Termite expert Scott Kleinschmidt details his termite tour from Brisbane to Darwin here in Part 1 of The Ultimate Termite Road Trip. Part 2 sees him continuing on towards Darwin and the second leg of his journey to Townsville.
Everyone loves a good road trip – the wide-open highway, wind blowing through the hair (think Thelma & Louise, minus the going over the cliff bit). It was with great excitement that I packed the trailer with a huge amount of equipment and hit the road in early April. The plan was to drive from Brisbane to Darwin and then back via Townsville – I had a number of termite trials to inspect and new ones to install.
Now I am no stranger to long distance driving, as I have clocked up 100,000km in the two years since leaving the corporate world, with most of this driving done with no one else in the vehicle (lucky I like my own company). The radio is a good companion, but there are many black spots – hours when no signal (of any kind) is being received.
My way of keeping amused is to stop and inspect as many different types of termite activity that I can find. The most obvious signs of termite activity, especially when travelling at 100 km/h, are the mounds. There are so many different shapes, sizes and colours of mounds, especially once you get into the more remote areas of our wonderful country.
Nearly all of the termite species that attack timber in service – the economically important species and therefore the species pest managers deal with, are cryptic in their nesting habits – their nests are often hidden. Coptotermes usually nest inside trees, Mastotermes in the root ball
of trees (below ground) and Schedorhinotermes either below ground or hidden under a woodpile. Nasutitermes species are probably the only one that builds an obvious nest – N. exitiosus (large on-ground mound) and N. walkeri (above ground nest on trees). However, the grass-feeding termites build beautiful monuments, as if to show off their engineering prowess.
The mounds on the first part of the journey from Brisbane to Toowoomba and up through the Darling Downs consisted of patches of Nasutitermes magnus (medium-sized mounds) and Microcerotermes and Nasutitermes arboreal nests. An interesting fact about the Microcerotermes nests are that they are almost exclusively positioned on the northern side of the tree – I was told in my old Forestry days that you could use them for navigation purposes when lost (well before GPS). These nests are also favourite nesting sites for the azure kingfisher.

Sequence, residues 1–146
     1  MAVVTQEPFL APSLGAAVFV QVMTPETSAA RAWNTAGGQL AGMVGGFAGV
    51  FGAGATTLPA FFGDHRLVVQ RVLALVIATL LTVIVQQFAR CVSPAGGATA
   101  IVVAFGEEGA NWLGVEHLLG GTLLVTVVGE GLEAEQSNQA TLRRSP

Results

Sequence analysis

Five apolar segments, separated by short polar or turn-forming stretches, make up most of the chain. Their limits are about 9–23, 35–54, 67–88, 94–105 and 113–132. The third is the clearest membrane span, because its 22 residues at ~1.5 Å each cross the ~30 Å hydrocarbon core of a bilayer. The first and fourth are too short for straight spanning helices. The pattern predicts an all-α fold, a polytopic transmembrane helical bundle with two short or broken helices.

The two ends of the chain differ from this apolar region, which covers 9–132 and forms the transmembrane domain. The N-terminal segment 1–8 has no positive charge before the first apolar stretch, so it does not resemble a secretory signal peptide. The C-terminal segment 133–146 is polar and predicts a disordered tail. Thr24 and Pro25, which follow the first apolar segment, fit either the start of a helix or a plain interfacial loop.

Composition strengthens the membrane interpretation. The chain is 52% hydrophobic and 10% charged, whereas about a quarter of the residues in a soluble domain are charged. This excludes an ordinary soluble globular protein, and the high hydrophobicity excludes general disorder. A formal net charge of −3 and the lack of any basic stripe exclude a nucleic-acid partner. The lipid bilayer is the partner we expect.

The ground-based mound action basically disappeared during the 1,000km from Augathella to Cloncurry, including the towns of Blackall, Barcaldine, Longreach and Winton. Now this really interested me – why would there be no termite mounds in this stretch and why did they magically re-appear again at Cloncurry? Immediate possibilities that sprung to mind could be due to differences in height above sea level, soil type, rainfall and vegetation.
I decided to write down when the mounds appeared and disappeared for the rest of the journey and also took notes on any changes associated with the boundary of mounds versus non-mounds.
The mounds continued to be present through Mt Isa and almost to the border of the Northern Territory when they disappeared again. They reappeared along the Barkly Tableland (200km west of the Queensland border).
As well as the pattern of mounds appearing and disappearing, an intriguing aspect was the way some mound types suddenly appeared amongst all the other mounds and either be plentiful for hundreds of kilometres or briefly appear and never be seen again.
One particular mound type (of unknown species) that appeared along the Barkly Tableland were large rotund mounds standing about two metres high with a unique ‘ponytail’ on top. They were bunched tightly in groups of about a dozen or so over the space of 5km and then disappeared and were never seen again.
There were of course the stock standard pinnacle shaped mounds of Amitermes and Nasutitermes, that stretched from 200km inside the NT/QLD border, all the way to Darwin.
A particularly common Nasutitermes species builds a mound with a round top. An interesting pastime of some travellers is to dress up such mounds on the side of the highway with shirts, coats and hats. The first hundred or so are amusing, but after a couple of thousand the novelty wears off.
Closer to Darwin, the types of mounds get more diverse with the iconic cathedral (Nasutitermes triodiae) and magnetic (Amitermes meridionalis) mounds starting to appear as well as the mound-building form of Coptotermes acinaciformis.
With regard to my observations on when the mounds appeared and disappeared on my journey, there were no obvious differences in vegetation or soil colour at the boundaries and the only noticeable difference was in the condition of the road. As soon as the mounds disappeared, the road became much rougher especially at creek crossings. When the mounds reappeared, the road was in much better condition.
This did not make sense at the time but following good scientific technique, this was recorded in my notes. This ended up making perfect sense when I discovered the answer to the riddle, but you will have to read Part 2 of the story to find out more.
Scott Kleinschmidt, Director, Australian Timber and Pest Research
Scott Kleinschmidt has been involved in termite research activities for over 30 years and after successful roles in the Qld DPI, Aventis, Bayer and BASF, he now runs his own consultancy business that provides research and development services to the pest management and timber preservation industries.